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About davie

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    I am a singer-songwriter, music producer and vocal coach based in Toronto. I have been trained by Voice Soaring founder and David Jones associate, Jeff Alani Stanfill and I teach vocal concepts based on the Swedish-Italian school of singing. Lessons are available online via Skype. For voice lesson inquiries please email me at davie@daviekuan.com


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    Toronto, Canada

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  1. Hey KT, good to hear you're still keeping in good spirits and singing it out. We gotta keep improving ourselves and not let this situation get the better of us. To be honest, I've been under a lot of anxiety and haven't been in the mood for doing much lately. Just staying home most of the time and doing things around the house to keep my mind off of things. How are you doing? Hope you're staying well and safe.
  2. Yeah I can understand the issue you're dealing with. When the kick drum mic isn't deep enough it may pick up more of the overall kit. But if you put it way close to the beater then the kick drum becomes much louder relative to the rest of the kit, which will give you an easier threshold to work the gate. If you want a potential bandaid fix then you could always try doing sidechain compression, use the snare track signal to duck the kick drum track. But since you have plenty of time to record it again, I would go back to the recording process and adjust the microphone instead. It's always best to get the sound source right first rather than trying to "fix it in the mix".
  3. I never used a AKG D12 before, but like Phil said it gives a more old school type sound. I think if you want more beater or attack then you should place the mic deeper inside the drum. I use an Audix D6 and I place it inside the drum with a couple of inches away from where the beater meets the inside head. This method almost gives me too much attack given the sound profile of the D6. But its probably the most "modern" sounding kick drum mic on the market. Also if you're dealing with snare bleed into the kick mic, then you take it out easily using gate processing. You're probably joking.. (I hope 😆) but a kick drum would probably destroy your shiny new M5. Please don't.. lol If you really wanna get intricate with kick drum recording, you can always supplement the sound using a 2nd kick mic. Steve Albini's recording method involves hanging a small microphone (can't remember the mic, but you can find it on youtube) outside the drum but next to the beater. He primarily uses it just to get the beater sound. Here's a photo of how I set up my D6 kick drum mic. Ignore the SM7B.. I don't even use that anymore on drums. https://www.instagram.com/p/B9kgarwJDLV/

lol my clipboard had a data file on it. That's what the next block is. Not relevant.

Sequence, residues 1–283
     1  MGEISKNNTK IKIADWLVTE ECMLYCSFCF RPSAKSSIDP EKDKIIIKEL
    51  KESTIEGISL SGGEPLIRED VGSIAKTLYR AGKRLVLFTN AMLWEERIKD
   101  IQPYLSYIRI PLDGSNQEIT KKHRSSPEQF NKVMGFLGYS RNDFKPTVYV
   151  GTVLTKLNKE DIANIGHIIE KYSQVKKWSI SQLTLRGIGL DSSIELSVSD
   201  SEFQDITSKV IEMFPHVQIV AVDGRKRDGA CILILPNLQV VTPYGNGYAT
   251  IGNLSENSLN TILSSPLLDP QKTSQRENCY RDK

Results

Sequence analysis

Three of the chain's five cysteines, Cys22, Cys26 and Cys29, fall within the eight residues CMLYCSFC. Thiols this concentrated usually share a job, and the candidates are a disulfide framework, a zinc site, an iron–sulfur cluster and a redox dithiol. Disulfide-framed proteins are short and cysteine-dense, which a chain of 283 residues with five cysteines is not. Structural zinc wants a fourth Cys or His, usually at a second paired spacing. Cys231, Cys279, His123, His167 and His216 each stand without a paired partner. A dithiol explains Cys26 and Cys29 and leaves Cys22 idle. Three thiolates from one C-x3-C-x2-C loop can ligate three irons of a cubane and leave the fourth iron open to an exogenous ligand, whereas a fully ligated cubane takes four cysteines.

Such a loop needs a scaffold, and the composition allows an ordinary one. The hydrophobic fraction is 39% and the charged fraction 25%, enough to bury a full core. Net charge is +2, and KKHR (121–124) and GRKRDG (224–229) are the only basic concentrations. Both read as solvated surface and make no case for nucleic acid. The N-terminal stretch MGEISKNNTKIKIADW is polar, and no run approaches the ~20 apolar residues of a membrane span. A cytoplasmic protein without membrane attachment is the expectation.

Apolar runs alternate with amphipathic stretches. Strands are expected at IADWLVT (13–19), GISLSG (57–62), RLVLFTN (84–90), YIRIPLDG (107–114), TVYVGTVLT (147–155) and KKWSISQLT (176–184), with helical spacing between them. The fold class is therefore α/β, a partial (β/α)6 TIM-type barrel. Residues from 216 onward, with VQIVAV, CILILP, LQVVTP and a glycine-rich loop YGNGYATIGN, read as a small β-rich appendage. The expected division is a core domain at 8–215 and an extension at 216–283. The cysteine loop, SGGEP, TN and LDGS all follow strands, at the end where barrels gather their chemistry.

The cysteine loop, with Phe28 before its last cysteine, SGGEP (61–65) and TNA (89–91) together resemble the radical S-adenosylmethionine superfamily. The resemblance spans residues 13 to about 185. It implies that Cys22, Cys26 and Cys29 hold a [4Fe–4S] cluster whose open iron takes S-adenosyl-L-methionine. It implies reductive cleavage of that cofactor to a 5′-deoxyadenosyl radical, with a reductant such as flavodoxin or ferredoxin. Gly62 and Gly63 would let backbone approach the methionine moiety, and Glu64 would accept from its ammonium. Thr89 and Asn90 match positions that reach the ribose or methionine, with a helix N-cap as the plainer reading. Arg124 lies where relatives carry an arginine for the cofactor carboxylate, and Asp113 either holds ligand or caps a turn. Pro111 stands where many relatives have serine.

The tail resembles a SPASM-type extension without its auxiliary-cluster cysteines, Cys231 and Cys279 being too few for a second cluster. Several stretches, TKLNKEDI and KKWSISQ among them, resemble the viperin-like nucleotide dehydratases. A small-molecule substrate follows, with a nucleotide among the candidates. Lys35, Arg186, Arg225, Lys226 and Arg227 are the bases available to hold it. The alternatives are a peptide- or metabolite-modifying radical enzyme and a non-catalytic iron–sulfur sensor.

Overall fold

4. I just asked a friend who does audio and used to work at a music store, he recommended the Yamaha HS8 over the Adam T7V if I'm not intending to use a subwoofer. But when I read the HS8 owner manual, it says the speakers should ideally be at least 1.5 meters (5 ft !!) away from the wall/corner.. That's seems like a lot.. I'm not sure what to think now..
  5. Never heard of this technique. Is it similar to Recorderman or Glyn-Johns? I've been recording drums for a few years and over time I naturally progressed towards using more close-mics.
  6. I'm kinda leaning towards the Adam T7V. Saw a lot of good reviews for it. I also read the owner's manual for the Adam T series, it mentions that there should be at least 16 inches distance from the nearest wall to achieve a balanced bass response. With that in mind I could probably accommodate a few more inches distance no problem. I first took notice of Adam speakers because I have a friend who uses the A7X in his studio. Super clean sounding. Judging from the reviews I saw, T7V have a very smooth high end, probably due to the ribbon tweeter technology. The Presonus ones look pretty cool too. Very nice features, front-ported, a lot of options for frequency adjustment. I think I'm most likely gonna switch away from KRK. Try something new.
  7. I might be considering either the Yamaha HS7, HS8 or Adam T7V. Any thoughts on either of these? Any others worth considering too?
  8. Thanks for the response, Phil. I have some acoustic treatment in the room, but its not the best, yet still dry enough to record. One homemade 2x4' panel using recycled fabric, some cheap acoustic wedge foam, a couple of blankets and foam mattress (its my bedroom). I'm planning to revamp the room maybe some time this month, turn it into a dedicated studio space, build some rockwool panels and corner traps. And yeah, my intention is to get more accurate bass. Last month I finally put out my first full-length song and I ended up checking my mixes on in the car to try to balance the bass. On top of the bass, I feel like the midrange was a bit challenging to get right as well. I'm just trying to limit the amount of guesswork i need to do and get a more accurate sound. I dabbled around with mixing short demos but this was the first time I've gone through the entire production process. I have my monitors setup about 1 foot away from the wall, in equilateral triangle formation with ~3 feet distances. I usually mix at moderate volume, with occasional moments of quiet and loud volumes. Should I look specifically at monitors with front-porting? Or would rear-ported monitors be okay to consider in my situation? Ideally I've been looking at the ADAM A7X's, but it's a bit over my budget. Maybe Yamaha HS7 or HS8 would be in my budget, however they're rear-ported and I worry I don't have enough distance away from the wall. Would rear-porting be an issue? Any suggestions for models of monitors?